Glen Echo Park is open on Thursday, the day after Congress moved a resolution to fund the government and raise the debt ceiling for three months.
The park, on National Park Service property, became the most visible effect of the government shutdown in the area. Earlier this week, Montgomery County officials said the county would open the park “in an act of civic disobedience” if the NPS didn’t by Friday morning.
The Glen Echo Park Partnership, a nonprofit that operates in the park with a group of theater companies, artists and others, said the NPS should have reopened the park as it did with similar operations in other national parks around the country.
All classes and programs will resume as scheduled and Adventure Theatre MTC’s “Goodnight Moon” will resume on Saturday. The Park’s puppet theater company will resume performances on Friday.
Glen Echo Partnership Executive Director Katey Boerner said the shutdown meant $300,000 in losses since it began on Oct. 1. She said another weekend of closures would have meant another $80,000 in losses.
At a press conference Tuesday, Boerner, government officials and artists at the park said the shutdown had already hurt their programming.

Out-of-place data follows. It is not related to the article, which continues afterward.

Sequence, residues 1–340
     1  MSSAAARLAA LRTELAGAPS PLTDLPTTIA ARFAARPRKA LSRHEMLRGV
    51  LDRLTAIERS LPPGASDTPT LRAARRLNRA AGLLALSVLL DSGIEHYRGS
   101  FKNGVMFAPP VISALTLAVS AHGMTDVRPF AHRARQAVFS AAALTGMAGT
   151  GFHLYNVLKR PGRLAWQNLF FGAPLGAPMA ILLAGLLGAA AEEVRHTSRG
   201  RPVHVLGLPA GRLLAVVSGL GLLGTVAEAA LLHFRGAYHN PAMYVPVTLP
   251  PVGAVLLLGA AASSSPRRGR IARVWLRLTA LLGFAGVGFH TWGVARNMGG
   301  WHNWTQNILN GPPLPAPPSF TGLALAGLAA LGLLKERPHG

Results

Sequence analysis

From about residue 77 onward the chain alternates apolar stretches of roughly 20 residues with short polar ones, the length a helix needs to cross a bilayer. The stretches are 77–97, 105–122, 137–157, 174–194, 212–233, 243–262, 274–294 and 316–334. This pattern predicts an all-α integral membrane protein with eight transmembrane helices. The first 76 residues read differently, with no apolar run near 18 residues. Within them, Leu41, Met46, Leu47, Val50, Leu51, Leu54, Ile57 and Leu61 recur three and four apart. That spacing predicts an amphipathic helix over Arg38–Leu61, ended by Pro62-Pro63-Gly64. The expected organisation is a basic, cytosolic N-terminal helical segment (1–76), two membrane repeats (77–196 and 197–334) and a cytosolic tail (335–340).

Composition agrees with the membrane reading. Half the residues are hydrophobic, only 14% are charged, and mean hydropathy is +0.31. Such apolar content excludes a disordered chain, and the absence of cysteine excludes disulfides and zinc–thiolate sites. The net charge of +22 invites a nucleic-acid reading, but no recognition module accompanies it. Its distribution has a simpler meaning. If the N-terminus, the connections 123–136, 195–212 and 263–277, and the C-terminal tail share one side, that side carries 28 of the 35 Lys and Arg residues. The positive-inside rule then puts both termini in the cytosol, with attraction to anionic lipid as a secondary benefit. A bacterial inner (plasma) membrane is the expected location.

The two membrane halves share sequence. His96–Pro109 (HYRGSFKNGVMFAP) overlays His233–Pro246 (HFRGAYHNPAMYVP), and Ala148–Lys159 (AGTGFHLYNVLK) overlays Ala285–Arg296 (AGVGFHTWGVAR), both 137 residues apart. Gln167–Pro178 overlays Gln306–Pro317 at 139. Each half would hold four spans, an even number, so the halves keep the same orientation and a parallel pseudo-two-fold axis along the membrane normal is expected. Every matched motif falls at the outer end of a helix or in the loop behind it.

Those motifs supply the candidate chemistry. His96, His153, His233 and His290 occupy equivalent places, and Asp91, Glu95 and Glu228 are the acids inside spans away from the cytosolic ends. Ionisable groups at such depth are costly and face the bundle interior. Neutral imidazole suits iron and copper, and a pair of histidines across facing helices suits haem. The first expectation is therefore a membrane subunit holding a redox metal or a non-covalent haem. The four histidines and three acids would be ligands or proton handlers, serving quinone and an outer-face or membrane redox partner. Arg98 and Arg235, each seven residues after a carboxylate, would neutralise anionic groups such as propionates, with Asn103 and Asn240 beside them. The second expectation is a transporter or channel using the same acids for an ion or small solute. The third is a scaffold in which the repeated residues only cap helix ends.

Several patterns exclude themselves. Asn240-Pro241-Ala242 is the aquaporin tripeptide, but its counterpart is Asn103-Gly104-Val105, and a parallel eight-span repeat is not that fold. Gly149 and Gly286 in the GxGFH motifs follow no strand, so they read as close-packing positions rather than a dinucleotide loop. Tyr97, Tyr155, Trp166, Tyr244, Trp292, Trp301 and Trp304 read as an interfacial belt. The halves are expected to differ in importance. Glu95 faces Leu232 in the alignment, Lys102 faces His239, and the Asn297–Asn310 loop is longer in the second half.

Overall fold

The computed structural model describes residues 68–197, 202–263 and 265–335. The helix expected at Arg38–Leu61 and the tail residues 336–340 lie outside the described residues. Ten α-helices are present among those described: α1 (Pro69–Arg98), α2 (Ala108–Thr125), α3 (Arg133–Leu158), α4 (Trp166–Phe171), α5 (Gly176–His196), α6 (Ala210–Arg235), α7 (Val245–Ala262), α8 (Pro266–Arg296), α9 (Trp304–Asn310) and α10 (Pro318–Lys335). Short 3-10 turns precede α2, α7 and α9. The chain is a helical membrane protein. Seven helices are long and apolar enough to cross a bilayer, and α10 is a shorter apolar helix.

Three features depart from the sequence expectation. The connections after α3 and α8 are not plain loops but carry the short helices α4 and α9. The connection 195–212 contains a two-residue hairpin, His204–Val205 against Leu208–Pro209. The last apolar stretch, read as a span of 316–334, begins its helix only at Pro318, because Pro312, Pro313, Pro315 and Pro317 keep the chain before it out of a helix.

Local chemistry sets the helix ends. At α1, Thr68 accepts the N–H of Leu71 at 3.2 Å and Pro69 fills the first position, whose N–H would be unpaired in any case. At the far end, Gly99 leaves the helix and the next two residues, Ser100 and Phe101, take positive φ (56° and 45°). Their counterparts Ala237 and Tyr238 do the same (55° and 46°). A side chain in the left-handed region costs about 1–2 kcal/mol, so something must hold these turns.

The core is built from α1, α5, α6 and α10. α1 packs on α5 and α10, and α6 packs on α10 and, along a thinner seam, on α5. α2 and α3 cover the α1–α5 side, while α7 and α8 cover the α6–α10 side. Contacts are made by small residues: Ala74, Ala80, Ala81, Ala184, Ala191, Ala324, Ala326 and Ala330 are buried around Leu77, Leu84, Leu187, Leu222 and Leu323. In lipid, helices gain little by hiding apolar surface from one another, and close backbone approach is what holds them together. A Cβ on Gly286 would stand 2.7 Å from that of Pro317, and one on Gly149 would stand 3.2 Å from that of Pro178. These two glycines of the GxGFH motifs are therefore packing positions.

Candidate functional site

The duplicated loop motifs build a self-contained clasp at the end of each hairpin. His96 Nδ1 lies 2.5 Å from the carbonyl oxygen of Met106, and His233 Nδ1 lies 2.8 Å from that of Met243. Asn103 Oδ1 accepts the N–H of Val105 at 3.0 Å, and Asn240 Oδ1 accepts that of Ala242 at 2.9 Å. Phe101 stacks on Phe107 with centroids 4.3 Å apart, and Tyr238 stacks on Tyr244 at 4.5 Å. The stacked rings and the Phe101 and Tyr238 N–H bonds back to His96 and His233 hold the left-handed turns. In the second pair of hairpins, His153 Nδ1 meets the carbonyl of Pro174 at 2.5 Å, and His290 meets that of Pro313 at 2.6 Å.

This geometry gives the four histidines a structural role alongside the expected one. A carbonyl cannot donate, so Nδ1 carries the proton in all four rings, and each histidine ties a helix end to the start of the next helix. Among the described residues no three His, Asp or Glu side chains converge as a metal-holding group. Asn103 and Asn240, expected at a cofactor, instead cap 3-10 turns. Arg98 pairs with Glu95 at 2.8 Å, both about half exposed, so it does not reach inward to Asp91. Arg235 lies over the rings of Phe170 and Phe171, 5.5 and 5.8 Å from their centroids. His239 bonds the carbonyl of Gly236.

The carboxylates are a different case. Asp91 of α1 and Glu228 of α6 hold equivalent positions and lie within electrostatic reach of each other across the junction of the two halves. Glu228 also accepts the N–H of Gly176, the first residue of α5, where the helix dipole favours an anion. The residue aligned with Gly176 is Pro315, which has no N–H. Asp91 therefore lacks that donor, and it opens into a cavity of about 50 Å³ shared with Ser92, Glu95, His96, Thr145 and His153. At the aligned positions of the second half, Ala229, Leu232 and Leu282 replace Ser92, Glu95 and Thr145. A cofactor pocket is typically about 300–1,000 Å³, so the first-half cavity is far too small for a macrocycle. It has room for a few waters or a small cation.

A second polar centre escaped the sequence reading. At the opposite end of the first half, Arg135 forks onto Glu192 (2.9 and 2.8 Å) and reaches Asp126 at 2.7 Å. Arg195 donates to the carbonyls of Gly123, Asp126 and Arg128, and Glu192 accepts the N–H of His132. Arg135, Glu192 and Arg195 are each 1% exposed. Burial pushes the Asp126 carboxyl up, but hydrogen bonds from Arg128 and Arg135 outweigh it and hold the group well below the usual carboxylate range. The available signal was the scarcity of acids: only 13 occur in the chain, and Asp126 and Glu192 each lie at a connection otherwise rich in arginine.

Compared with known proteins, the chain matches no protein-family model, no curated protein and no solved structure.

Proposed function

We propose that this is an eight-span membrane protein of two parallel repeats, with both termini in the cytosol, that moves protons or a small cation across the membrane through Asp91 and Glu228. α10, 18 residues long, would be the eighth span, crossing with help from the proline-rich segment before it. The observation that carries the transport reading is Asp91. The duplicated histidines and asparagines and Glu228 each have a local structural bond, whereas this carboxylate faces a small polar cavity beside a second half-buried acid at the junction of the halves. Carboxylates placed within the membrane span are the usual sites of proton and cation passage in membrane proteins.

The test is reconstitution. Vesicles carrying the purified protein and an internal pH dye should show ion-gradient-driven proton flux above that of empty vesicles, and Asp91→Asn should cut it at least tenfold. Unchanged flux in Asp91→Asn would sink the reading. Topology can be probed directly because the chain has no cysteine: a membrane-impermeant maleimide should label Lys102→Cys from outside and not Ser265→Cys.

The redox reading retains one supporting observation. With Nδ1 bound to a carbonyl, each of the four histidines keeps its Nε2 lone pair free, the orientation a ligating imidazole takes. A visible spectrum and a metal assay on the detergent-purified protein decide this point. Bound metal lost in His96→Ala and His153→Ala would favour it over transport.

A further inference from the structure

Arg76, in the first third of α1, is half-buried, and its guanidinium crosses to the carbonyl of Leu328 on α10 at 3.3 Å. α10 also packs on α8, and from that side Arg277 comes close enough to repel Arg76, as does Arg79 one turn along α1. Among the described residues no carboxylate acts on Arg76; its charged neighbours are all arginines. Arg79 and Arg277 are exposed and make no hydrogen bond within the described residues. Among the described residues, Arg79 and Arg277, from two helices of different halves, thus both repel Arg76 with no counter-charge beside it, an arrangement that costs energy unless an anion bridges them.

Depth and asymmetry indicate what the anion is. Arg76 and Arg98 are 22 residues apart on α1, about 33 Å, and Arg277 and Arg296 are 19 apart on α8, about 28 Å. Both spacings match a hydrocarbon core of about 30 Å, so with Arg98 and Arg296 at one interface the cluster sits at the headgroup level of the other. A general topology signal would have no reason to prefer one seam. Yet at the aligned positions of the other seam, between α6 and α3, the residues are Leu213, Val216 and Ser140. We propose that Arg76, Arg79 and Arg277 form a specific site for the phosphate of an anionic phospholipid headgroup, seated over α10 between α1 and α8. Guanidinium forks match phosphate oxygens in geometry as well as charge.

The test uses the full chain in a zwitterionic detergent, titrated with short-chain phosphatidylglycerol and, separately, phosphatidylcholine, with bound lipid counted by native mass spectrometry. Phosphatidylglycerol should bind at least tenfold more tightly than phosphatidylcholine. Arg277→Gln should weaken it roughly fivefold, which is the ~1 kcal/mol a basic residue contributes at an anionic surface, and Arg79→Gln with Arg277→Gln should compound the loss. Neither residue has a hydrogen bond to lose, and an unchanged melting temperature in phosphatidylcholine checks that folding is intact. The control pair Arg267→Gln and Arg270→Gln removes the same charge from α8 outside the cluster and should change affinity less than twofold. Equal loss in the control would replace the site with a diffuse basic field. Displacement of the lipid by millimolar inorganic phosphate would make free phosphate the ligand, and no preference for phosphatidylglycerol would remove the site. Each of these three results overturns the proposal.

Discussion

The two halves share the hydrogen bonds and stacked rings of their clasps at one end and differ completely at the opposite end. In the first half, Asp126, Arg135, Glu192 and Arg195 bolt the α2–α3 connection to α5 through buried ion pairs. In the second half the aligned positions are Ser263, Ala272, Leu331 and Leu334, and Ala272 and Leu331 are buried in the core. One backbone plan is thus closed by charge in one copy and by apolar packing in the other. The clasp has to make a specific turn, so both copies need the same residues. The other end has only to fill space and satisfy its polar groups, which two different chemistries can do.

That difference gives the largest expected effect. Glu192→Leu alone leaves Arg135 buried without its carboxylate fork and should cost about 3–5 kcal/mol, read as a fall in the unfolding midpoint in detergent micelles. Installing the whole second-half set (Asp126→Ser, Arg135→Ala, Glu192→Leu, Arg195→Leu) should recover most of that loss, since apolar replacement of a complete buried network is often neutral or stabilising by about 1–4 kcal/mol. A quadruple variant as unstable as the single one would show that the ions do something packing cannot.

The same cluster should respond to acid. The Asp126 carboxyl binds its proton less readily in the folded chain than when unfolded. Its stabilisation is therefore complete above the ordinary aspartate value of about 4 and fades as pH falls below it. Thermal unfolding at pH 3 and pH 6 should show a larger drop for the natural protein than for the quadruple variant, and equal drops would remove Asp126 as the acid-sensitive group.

“We are losing not only our revenue, but I fear we are also losing a bit of our integrity because we have relationships with our students and our community,” said Michel Rubin, who runs the Glen Echo Glassworks studios. “What has happened so far, even if we reopen tomorrow we will be seeing the effects for a long time to come.”
County Executive Isiah Leggett said he was pleased the shutdown was over and Glen Echo was reopened. There are an estimated 70,000 federal workers who live in Montgomery County:
This shutdown never should have happened. It was bad politics and bad for business. And we should resolve — and work — to be sure it doesn’t happen again. The shutdown may be over but the uncertainty about a sequel will continue to adversely affect public and private spending and investment decisions. This undermines the considerable efforts and successes that I and the Council have had in making tough decisions during the Great Recession, boosting our own County reserves and laying the foundations for the County’s economic recovery and growth.
Leggett traveled to New York on Thursday with Council President Nancy Navarro to meet with Wall Street bond houses in an effort to preserve the county’s Triple-A bond rating.